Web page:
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Recital
SCHUMANN AND BARTOK HIGHLIGHT BRONFMAN RECITAL IN WEILL
by Lee Ormasa
Friday, April 21, 2017
Those people once addicted to the “Angry Birds” game application likely suffered an auditory flashback during the opening measures of the allegro from Bartok’s Suite, Op. 14, the opening work in Yefim Bronfman’s April 21 recital at Weill Hall. The repetitive opening figures of the Bartok were...
Symphony
HULKING MAHLER "TITAN" AT SO CO PHIL'S SEASON FINALE
by Terry McNeill
Saturday, April 08, 2017
A composer’s first symphony rarely gives a clear indication of what beautiful complexities will follow over the years. Early Mozart and Tchaikovsky are examples, and the big exceptions to this axiom are the “firsts” of Beethoven, Shostakovich and Mahler. Tackling Mahler ‘s D Major Symphony (No. 1,...
Symphony
SANTA ROSA SYMPHONY STAYS CLOSE TO HOME
by Steve Osborn
Sunday, March 26, 2017
Santa Rosa Symphony concerts usually feature high-powered soloists imported from afar, but for their recent “Bring on the Strings” concert set, they stuck close to home, thrusting their principal violin, viola and cello into the limelight. The violinist (Joseph Edelberg) and the violist (Elizabeth P...
Recital
SLAM BANG SONORITY IN HAOCHEN ZHANG'S SCHROEDER RECITAL
by Terry McNeill
Sunday, March 19, 2017
Piano Competition winners are in ample supply, and it’s often a hit and miss proposition as to their sterling interpretative qualities. However, the quadrennial Van Cliburn Competition in Ft. Worth has continually produced top-level artists, and the 2009 winner Haochen Zhang proved a formidable per...
Symphony
FOREIGN AFFAIRS CHARACTERS OF THE BAROQUE
by Sonia Morse Tubridy
Sunday, March 12, 2017
Akademie für Alte Musik Berlin, known as Akamus, played a Weill Hall concert March 12 in a program called "Foreign Affairs -Characters of the Baroque.” The ensemble, that began in 1984, has 15 musicians led by concert master Bernhard Forck. Attired in elegant black with red accents, ranging from tie...
Recital
MUSCULAR PIANISM DOMINATES MILL VALLEY CHAMBER SOCIETY RECITAL
by Terry McNeill
Sunday, March 12, 2017
Piano recitals since the beginning of the genre open with finger pieces - Scarlatti or Soler Sonatas, Bach, a Mendelssohn Prelude and Fugue or perhaps Mozart or Haydn. Sarah Daneshpour’s March 12 opening work at the Mill Valley Chamber Music Society series abruptly avoided the norm with the 10-minut...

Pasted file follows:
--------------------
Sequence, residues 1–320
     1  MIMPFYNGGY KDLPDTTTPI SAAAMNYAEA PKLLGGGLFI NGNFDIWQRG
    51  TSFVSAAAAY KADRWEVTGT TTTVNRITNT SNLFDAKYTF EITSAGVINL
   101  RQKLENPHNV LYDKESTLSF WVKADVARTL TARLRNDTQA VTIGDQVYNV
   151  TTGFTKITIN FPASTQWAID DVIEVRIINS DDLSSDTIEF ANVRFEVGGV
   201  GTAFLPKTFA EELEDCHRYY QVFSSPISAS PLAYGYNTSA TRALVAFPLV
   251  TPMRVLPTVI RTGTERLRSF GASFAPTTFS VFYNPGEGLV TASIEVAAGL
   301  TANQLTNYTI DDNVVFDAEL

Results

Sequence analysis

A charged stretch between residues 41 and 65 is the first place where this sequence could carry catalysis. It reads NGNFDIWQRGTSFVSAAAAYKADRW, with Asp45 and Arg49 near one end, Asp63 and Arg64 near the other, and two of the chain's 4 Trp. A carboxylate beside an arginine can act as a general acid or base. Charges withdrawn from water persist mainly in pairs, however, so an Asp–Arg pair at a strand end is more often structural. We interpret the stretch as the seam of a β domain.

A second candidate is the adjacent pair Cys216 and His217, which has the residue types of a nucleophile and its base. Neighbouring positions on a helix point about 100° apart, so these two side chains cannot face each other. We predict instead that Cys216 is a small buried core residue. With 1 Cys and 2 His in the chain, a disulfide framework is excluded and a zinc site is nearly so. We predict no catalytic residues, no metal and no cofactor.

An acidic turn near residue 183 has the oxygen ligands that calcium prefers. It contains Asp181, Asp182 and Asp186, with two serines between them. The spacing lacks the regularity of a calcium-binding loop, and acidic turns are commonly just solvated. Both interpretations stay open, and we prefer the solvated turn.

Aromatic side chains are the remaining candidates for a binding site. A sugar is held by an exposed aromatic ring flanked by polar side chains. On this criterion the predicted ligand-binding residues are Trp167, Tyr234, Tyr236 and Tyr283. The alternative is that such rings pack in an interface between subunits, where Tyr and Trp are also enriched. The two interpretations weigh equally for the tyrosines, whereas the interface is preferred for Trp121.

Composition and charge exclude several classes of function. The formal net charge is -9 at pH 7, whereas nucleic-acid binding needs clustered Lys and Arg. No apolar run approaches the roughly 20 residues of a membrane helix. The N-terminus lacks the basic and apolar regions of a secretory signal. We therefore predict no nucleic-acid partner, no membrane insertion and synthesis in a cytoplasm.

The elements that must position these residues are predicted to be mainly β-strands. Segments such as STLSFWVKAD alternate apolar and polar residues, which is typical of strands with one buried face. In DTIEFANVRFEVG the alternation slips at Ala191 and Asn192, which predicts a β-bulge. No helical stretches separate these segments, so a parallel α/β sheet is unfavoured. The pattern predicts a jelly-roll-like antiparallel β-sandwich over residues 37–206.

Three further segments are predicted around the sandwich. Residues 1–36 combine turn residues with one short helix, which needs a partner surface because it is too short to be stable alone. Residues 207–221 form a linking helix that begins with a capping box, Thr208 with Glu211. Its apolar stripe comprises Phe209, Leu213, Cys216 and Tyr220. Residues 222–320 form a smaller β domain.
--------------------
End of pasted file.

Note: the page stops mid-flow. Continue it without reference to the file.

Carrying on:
Recital
NOVEL HAYDN AND SCHUMANN IN YARDEN'S OAKMONT RECITAL
by Terry McNeill
Thursday, March 09, 2017
Israeli pianist Einav Yarden has been a frequent Sonoma County visitor, playing private recitals for Spring Lake Village and Concerts Grand, and twice performing for Music at Oakmont. The Berlin-based artist returned to Oakmont’s Berger Auditorium March 9 with a program that was neither for connois...
Chamber
CONSUMMATE ENSEMBLE FROM THE MIRÓ IN WEILL
by Sonia Tubridy and Nicki Bell
Sunday, March 05, 2017
A March 5 Weill hall audience of 350 leaned in to share an intimate musical space and to hear the Miró String Quartet’s sterling concert. Starting with Haydn's Op. 20, No. 4, the four musicians seemed to want listeners to be enveloped in their music. The Miró plays with the feat of being four dist...
Recital
BRILLIANT VIOLIN AND PIANO ARTISTRY CHARMS SCHROEDER HALL AUDIENCE
by Terry McNeill
Sunday, February 26, 2017
A tiny Schroeder Hall audience heard a flawless recital Feb. 26 by Yu-Chien Tseng, arguably the best recent local violin recital since Gil Shaham’s transversal of the complete Bach Suites in Weill and Frank Almond’s Oakmont recital in 2015. Muscular playing was the afternoon’s norm, and with pianis...
Chamber
MUSIC AND ART MELD IN ZUCKERMAN TRIO CONCERT
by Nicki Bell
Friday, February 24, 2017
A Feb. 24 Weill Hall concert by the Pinchas Zuckerman Trio juxtaposed formidable music making with palpable associations about visual art. Brahms’ C Minor "Sonatensatz” (Scherzo) is a short youthful work for violin and piano, and was an opening call to action. Lively and vigorous playing alternated...
SYMPHONY REVIEW
Santa Rosa Symphony / Sunday, April 19, 2009
Bruno Ferrandis, conductor
Gary Hoffman, cello

Gary Hoffman

THE SUITE SMELL OF SUCCESS

by Steve Osborn
Sunday, April 19, 2009

A ballet suite is not a symphony, but don’t tell that to Bruno Ferrandis. Throwing caution to the winds, Maestro Ferrandis programmed not one but two ballet suites for the April 19 concert by the Santa Rosa Symphony, opening with selections from Aram Khachaturian’s Gayane and devoting the entire second half to a suite of suites from Sergei Prokofiev’s Cinderella. Only an obscure, two-movement cello concerto by Nikolai Miaskovsky broke the long string of dance numbers.